I look up to the sky in search of you,
to sunlight that you hide your soul above.
You’re on the other side, in heaven’s crown,
in happiness, but I, in longing, weep.
It’s lonely here relying on myself
to hug myself inside and think of you.
I’ll reach the other side and we will meet
Already I am dying for your touch.
The fates are working for us, I’ll be there.
I’m crossing over, sole to interrupt
the festive fuss to mark your change of state.
Around the Stanford torus that’s our world
I’ll take a pleasant stroll to be with you
before we both embark for wedded life.
This week I decided it was time I paid more attention to the letter of the week. This was partly out of necessity, since by Friday evening I still hadn’t extracted an idea from the cards. So I opened several of my more interesting dictionaries to the letter O to see what I would find. My dictionary of space had an entry on the O’Neill cylinder, a proposed space habitat consisting of rotating cylinders which would use centrifugal force to create artificial gravity. This led me to read about the Stanford torus, a similar habitat based on one of O’Neill’s other designs.
The Stanford torus, as originally designed, would be a hollow doughnut-shaped object 1800m in diameter, rotating once per minute. People would live inside the doughnut, where centrifugal forces would push them against the outer wall with about the same force as Earth’s gravity. In the middle of the ‘doughnut hole’ would be a central hub surrounded by a ring of mirrors reflecting the sun’s light from another mirror into the living quarters. You can see a painting of what it would be like, along with one of an O’Neill cylinder, at the bottom of this page.
The thing that struck me about both these designs is that it’s inside-out. Whereas on Earth, you could imagine digging down through the Earth as a shortcut to the other side, on a Stanford torus, you’d have to start by going ‘up’ to get to the other side of the torus. So I thought of two lovers on opposite sides of the torus, looking up, each imagining the other somewhere behind the mirrors, just 1800m away. This naturally reminded me of the reason people on Earth most often look up in search of loved ones; the loved ones had crossed over to ‘the other side‘, a euphemism for death that I also used two weeks ago. And the seeds for a twist ending were sown.
But of course, if the protagonist only needed to walk at most 2.83km to get to his or her loved one, why not just go instead of sitting there weeping? This is where the queen of diamonds comes in. I was told when I visited Dublin that the Temple Bar area was a very popular destination for stag and hen parties, until the practice was banned. So one of the lovers was having such a party, and the other did not want to interrupt it, since the other half of the couple is generally not welcome at these events. I hope that this is clear on the second reading of the poem, once you know that nobody is dead, and not clear on the first reading.
The poem is almost an Italian sonnet, with the rhyme scheme ABBAABBA CDECDE. To capture the weird inside-out nature of the Stanford torus, I put the rhymes in the middle instead of at the end of each line, somehow representing the infinite valley of a torus. It was difficult to get used to writing like that. A rhyme at the end hems in the rest of the line, whereas a rhyme in the middle leaves the second half of the line dangling free, giving me little guidance on how best to fill it in. What’s more, I don’t think the rhymes are at all evident when reading the poem. It’s strange how much of a difference this makes, considering I’d only have to shift the poem along by two feet and it would be a normal sonnet.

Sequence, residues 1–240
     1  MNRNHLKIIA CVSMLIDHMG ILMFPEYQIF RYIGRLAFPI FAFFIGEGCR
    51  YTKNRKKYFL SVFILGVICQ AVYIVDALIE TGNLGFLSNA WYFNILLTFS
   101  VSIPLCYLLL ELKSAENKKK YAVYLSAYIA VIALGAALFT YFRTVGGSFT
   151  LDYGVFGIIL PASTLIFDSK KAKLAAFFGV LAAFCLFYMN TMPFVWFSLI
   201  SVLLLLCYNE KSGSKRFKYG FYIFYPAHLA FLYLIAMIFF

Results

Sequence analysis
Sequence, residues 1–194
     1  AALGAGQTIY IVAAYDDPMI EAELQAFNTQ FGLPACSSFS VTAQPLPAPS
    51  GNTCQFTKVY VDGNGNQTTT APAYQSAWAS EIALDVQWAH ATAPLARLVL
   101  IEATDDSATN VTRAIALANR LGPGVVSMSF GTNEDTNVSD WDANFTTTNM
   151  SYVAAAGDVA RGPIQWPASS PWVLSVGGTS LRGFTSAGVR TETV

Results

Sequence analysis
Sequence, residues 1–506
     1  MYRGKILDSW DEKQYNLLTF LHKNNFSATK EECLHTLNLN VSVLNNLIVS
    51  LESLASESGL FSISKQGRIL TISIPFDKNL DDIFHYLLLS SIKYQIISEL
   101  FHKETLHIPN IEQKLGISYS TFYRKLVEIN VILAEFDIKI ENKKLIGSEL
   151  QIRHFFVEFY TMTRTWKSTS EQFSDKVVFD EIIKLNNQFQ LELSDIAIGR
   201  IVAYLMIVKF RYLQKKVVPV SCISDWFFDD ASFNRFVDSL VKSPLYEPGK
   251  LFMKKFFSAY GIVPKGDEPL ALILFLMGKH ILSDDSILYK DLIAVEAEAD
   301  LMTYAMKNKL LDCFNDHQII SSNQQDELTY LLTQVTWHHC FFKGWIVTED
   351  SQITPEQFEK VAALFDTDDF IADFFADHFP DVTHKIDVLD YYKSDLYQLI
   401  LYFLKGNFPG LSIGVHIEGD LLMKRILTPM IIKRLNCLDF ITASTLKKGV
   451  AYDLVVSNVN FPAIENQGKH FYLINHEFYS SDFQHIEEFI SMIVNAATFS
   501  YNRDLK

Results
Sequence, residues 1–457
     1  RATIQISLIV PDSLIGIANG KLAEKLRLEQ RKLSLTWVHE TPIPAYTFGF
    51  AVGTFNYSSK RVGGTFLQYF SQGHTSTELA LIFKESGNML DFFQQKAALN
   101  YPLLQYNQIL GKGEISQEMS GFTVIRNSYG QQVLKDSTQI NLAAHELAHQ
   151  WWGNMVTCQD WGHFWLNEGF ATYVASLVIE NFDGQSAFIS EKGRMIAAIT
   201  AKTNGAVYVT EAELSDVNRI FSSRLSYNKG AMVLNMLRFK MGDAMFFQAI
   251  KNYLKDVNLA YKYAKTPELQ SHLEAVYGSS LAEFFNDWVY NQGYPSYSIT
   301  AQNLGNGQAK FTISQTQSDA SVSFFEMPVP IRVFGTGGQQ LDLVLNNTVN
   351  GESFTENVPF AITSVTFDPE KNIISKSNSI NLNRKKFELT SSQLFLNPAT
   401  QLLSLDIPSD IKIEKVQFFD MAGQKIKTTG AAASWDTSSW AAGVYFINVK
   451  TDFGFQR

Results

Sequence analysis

In fact, let’s try it. Here is the same poem, projected onto a sphere:
For wedded life, I look up to the sky,
in search of you to sunlight that you hide.
Your soul above, you’re on the other side,
in heaven’s crown, in happiness, but I,
in longing, weep. It’s lonely here rely-
ing on myself to hug myself inside
and think of you, I’ll reach the other side
and we will meet, already I am dy-
ing for your touch. The fates are working for us,
I’ll be there. I’m crossing over, sole
to interrupt the festive fuss to mark
your change of state. Around the Stanford torus
that’s now our world I’ll take a pleasant stroll
to be with you before we both embark.
Well, it sounds nicer in some ways, but I’m not sure if it makes sense, what with half the twist relocated to the beginning. Perhaps I should rewrite it so that this transformation would still make perfect sense but completely change the meaning of the poem. Maybe later. For now, how about this slightly more adapted version:
In search of you I look up to the sky
above the sunlight where you soul must hide.
In heaven’s crown, you’re on the other side,
in happiness, but I, in longing, cry.
I’m lonely, on myself I must rely
to think of you and hug myself inside.
We’ll meet when I will reach the other side,
To feel your touch this moment I would die.
I’ll be there soon, the fates are working for us.
I’m crossing over, interrupting sole
the festive fuss your change of state to mark.
Around the world, our spinning Stanford torus,
to be with you is but a pleasant stroll
before for wedded life we both embark